Latest News: Forums Technical Masthead buoyancy volume, plus outboard bracket query

This topic contains 12 replies, has 3 voices, and was last updated by  Sylvain Caro 1 year, 8 months ago.

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  • #25295

    Sylvain Caro
    Participant

    Hello to all,
    These are two new questions from France 🙂
    1/ Owner of the Wayfarer W3380 Mk1 GRP, I wonder which volume of buoyancy needs to be put at the head of mast to avoid the reversal in case of capsizing.
    2/ I saw a lot of Wayfarer owners use a support (named “chair” in french)  to support and deport the engine behind the back board of the boat. Is it essential? For which reason is it used? The hull of my boat is made in fibreglass but the back board is wooden. To deport an engine does not risk to weaken the back board by leverage?If this backwardation is necessary, which is the ideal distance?
    In advance many  thanks to you!
    Sylvain

    #25300

    Web Team
    Keymaster

    Hi Sylvain,

    John Mellor has written an article on the first subject, which answers your question. I quote the key paragraph here:-

    “You could make your own mast head buoyancy, but how much buoyancy do you need? I have seen a 30 litre inflatable buoyancy bag made by Aero Luffspars in use. It was not windy but a 16 stone (100 kg) crew member was able to balance along the mast two-thirds of the way to the spreaders before the mast started to sink, whereas the original buoyant mast gave about 8 litres of buoyancy and I have inverted with this mast.”

    #25301

    Sylvain Caro
    Participant

    Hi,

    Thanks for your answer!

    I have readen this, but it speaks about an internal mast buoyancy no?
    So I don’t think it has the same effects than if the 8 liters are at the top of the mast…
    But Are these 8 liters enought…?

    HobbiCats use a 8 liters but do they have the same hull weight…?

    #25302

    Web Team
    Keymaster

    It says that 8 litres is not enough (8 litres still allowed the boat to invert). Use 20 or 30 litres at the mast head.

    #25309

    Sylvain Caro
    Participant

    Okay, so I’ll make a 20 or 30 litres buoyancy… thanks!

    Someone can help me about the engine chair? 🙂

    #25310

    Dave Barker
    Keymaster

    If you make a forum search for “outboard bracket” you will probably find everything you need (and more!)

    The bracket keeps the engine away from the mainsheet, and it keeps the propeller clear of the rudder (most of the time…) It is also helpful if you use a boat tent. But the weight distribution in the boat is not ideal!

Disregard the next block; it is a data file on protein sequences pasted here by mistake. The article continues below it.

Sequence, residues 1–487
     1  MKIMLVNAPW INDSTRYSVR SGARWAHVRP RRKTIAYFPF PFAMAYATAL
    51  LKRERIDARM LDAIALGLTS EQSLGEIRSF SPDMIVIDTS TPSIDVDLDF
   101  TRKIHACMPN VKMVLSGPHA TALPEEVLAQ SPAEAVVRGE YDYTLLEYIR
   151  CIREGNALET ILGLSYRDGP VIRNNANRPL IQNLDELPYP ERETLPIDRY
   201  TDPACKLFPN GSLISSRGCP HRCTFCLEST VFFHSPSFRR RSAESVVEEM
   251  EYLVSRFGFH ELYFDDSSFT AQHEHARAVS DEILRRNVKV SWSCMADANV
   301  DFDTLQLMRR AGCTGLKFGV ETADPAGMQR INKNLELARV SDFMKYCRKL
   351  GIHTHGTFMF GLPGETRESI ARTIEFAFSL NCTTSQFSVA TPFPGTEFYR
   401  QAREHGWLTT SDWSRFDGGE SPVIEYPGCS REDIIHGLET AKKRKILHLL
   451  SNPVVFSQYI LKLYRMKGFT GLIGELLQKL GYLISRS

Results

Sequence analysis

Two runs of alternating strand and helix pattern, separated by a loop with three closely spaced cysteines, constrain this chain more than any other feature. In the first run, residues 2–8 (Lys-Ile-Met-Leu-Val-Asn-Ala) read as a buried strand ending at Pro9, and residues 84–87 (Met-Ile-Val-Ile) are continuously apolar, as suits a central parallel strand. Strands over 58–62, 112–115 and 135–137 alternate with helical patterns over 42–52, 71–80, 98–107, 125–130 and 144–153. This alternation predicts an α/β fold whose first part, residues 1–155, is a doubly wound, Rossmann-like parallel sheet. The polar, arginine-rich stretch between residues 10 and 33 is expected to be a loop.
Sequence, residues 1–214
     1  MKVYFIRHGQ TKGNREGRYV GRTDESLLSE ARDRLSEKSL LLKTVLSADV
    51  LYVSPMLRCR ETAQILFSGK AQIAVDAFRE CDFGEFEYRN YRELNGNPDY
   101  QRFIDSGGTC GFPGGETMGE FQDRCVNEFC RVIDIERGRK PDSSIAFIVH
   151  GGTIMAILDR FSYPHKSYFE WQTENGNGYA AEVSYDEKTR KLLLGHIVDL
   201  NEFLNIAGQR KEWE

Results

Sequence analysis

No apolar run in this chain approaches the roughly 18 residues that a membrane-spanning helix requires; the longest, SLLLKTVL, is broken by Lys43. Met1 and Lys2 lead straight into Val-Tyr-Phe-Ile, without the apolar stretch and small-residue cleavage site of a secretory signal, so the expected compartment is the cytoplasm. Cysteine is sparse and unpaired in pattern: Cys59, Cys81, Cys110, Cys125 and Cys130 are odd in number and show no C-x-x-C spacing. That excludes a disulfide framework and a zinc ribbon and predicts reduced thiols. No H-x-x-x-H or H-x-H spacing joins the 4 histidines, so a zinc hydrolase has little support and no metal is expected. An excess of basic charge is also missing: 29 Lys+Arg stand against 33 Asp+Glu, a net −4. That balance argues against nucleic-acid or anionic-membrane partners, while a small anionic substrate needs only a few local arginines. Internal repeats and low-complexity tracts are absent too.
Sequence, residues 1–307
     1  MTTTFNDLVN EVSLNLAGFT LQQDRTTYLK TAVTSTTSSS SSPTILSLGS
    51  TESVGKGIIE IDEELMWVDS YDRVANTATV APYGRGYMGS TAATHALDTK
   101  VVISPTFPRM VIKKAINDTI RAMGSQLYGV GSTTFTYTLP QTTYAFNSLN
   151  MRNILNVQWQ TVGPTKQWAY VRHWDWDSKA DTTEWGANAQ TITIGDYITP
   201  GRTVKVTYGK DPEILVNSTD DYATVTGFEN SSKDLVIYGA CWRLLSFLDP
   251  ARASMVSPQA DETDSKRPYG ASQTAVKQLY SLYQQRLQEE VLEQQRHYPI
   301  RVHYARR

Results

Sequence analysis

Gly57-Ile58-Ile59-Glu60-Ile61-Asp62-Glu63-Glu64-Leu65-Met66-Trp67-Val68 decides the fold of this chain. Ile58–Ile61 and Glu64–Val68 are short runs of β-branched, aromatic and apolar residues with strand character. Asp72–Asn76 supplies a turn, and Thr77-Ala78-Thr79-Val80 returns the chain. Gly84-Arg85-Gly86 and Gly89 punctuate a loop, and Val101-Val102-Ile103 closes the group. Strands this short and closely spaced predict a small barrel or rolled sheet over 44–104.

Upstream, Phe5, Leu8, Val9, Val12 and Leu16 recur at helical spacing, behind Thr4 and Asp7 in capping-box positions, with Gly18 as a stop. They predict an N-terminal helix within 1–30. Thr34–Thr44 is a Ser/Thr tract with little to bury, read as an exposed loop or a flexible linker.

The transom (“back board”) is strong enough for a 2.5 hp engine, especially if a backing piece of plywood is added on the inside. The mounting bracket should be “through-bolted”, not just screwed to the transom. Sometimes this is difficult because there may be buoyancy material in the aft locker.

    The ideal distance and height are found when the propeller is at the correct depth (with the engine vertical) but the engine body also has enough space, even when the engine is tilted up.

    #25311

    Sylvain Caro
    Participant

    Many thanks Dave!

     

    My problem for making researches on the forum, is that I miss a lot of words to make searchs…

    As I didn’t know the good translation, I didn’t knew “outboard bracket”, so I founded nothing :-p

    So my engine is an old but very nicely cared Susuki 2.2cv.

    You’re right, there are buoyancies inside the back box…
    But how can I know the correct depth for the propeller?
    Does a technic a measuring exists for determinate it?

     

    #25312

    Sylvain Caro
    Participant

    And you told that the weight distribution in the boat is not ideal with the outboard bracket…

    You mean it’s not good while sailing or when you use the engine?

    #25313

    Dave Barker
    Keymaster

    I think the anti-cavitation plate is meant to be approximately level with the lowest part of the keel (at the transom). This will put the propeller in clear water at all times (until you walk forward to the bow, when mooring).

    Weight distribution – when sailing. (You would normally carry heavy items near the bottom of the mast).

    #25314

    Sylvain Caro
    Participant

    Ok!
    I use to put the anchors and chain near from the bottom of the mast (I’ve got two anchors, a small one around 2 or 3kg and a bigger one around 4kg, chain around 2 or 3… the engine is around 12kg if I remember… )

    Thank you for informations about the propeller 🙂

    #25315

    Sylvain Caro
    Participant

    Mmmm… “transom” means the board who’s at the back of the board?

    #25316

    Dave Barker
    Keymaster

    C’est le tableau arrière en Français, n’est ce pas?

    #25317

    Sylvain Caro
    Participant

    Oui!! 😀

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